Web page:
Tolkien estate blocks JRR Token crypto-currency

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Image source, Via Wayback Machine
Image caption,
Websites selling and promoting the crypto-currency featured rings and hobbit holes

Lord of the Rings creator JRR Tolkien's estate has successfully blocked a crypto-currency called JRR Token.

Lawyers representing the estate said the product, launched in August, infringed the author's trademark.

Websites selling and promoting the crypto-currency, jrrtoken.com and thetokenofpower.com, featured rings, hobbit holes and a wizard like Gandalf.

The US-based developer paid the estate's legal costs, which the lawyers said were "significant".

The estate filed a complaint with the World Intellectual Property Organization (WIPO), one day after tokens for the crypto-currency ($JRR) went on sale aiming to "organise the people towards a common goal of making JRR Token 'The One Token That Rules Them All'".

This was very similar to the "one ring to rule them all" line from The Lord of The Rings book, the lawyers said.

And the domain name jrrtoken.com, registered in February 2021, was "specifically designed to mislead" people into believing it had a legitimate commercial connection with the author.

Image source, Via Wayback Machine
Image caption,
The domain name jrrtoken.com was "specifically designed to mislead" people, lawyers said

The developer said: "The fact that the disputed domain name brings to mind the complainant's trademarks is indicative of the parody evoked by the JRR Token mark, not of any purported bad faith."

And "JRR" stood for "Journey through Risk to Reward", a reference to "a unique form of digital currency".

But the WIPO dismissed this, saying: "It is not clear to the panel what 'Journey through Risk to Reward' actually means, and why the term 'journey' is relevant to the purchase of tokens.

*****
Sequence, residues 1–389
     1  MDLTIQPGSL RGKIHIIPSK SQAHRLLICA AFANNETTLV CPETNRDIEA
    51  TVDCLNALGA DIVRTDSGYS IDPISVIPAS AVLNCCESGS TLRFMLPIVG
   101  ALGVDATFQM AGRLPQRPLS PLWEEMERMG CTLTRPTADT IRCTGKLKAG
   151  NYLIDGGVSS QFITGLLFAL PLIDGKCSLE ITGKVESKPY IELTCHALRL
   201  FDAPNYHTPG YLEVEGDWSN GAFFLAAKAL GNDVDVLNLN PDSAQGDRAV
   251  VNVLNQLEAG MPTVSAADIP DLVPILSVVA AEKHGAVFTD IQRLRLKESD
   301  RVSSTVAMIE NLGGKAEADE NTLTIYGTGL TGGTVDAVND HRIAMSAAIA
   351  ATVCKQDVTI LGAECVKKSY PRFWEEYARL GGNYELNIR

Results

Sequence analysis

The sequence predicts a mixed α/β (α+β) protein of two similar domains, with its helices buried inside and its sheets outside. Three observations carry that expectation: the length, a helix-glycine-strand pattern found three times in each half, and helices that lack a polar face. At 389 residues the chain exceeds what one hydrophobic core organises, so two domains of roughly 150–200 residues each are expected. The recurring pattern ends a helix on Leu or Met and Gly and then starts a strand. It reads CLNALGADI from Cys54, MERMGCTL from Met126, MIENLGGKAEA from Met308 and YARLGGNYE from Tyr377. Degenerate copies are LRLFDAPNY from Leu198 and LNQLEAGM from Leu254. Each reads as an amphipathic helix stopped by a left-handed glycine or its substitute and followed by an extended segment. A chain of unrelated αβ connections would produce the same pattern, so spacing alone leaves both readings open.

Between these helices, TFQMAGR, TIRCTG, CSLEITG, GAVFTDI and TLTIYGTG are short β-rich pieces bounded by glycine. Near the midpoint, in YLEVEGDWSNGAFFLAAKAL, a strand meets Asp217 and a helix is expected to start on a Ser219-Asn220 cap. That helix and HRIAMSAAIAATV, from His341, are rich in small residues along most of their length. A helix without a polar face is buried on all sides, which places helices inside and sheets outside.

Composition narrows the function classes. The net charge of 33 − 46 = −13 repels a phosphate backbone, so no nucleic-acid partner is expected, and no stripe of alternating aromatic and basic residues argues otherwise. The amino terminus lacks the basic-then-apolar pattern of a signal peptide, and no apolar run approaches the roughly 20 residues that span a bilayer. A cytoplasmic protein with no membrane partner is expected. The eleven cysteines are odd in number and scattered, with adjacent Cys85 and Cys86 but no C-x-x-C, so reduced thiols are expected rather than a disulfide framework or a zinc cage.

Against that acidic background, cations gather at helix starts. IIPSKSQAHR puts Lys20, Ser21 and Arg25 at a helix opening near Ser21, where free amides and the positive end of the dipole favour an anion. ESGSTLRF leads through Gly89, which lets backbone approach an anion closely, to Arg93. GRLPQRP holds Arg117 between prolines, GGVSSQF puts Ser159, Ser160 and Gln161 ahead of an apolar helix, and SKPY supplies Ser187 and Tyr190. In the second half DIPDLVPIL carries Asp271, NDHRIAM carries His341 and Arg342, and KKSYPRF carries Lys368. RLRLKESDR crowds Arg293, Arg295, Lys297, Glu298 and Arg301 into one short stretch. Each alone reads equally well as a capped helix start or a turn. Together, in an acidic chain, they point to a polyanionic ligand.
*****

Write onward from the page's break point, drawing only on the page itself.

"The respondent does not specify why the disputed domain name is humorous, funny or nail-biting and not just a domain name chosen due to its similarities with the [Tolkien estate's] trademarks, to take commercial advantage of its evocation."

And there was no doubt the developer was aware of Tolkien's works and had created a website "to trade off the fame of these works".

Translated into 36 languages, The Hobbit and The Lord of the Rings have sold an estimated 100 million copies.

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JRR Tolkien remains one of the most celebrated fantasy authors of all time

Estate solicitor Steven Maier said: "The Tolkien estate has a duty to protect the JRR Tolkien name and the contents of his much loved books.

"This was a particularly flagrant case of infringement, which sought to gain a financial benefit by associating the crypto-currency with the JRR Tolkien name and literary works.

"The estate believes this action sends a strong message that third parties will not be allowed to free-ride on the JRR Tolkien name and books for financial gain."

Image source, Netflix
Image caption,
A digital token inspired by the popular South Korean Netflix series Squid Game was created, earlier this year, in an apparent scam

The estate regularly dealt with a "significant volume of infringement" of its trademarks and was "continually monitoring activity in the cryptocurrency and NFT [non-fungible token] sectors", he added.

It is becoming increasingly common for new crypto-currencies to try to take advantage of well known brands.

In October, a digital token inspired by South Korean Netflix series Squid Game was created in an apparent scam.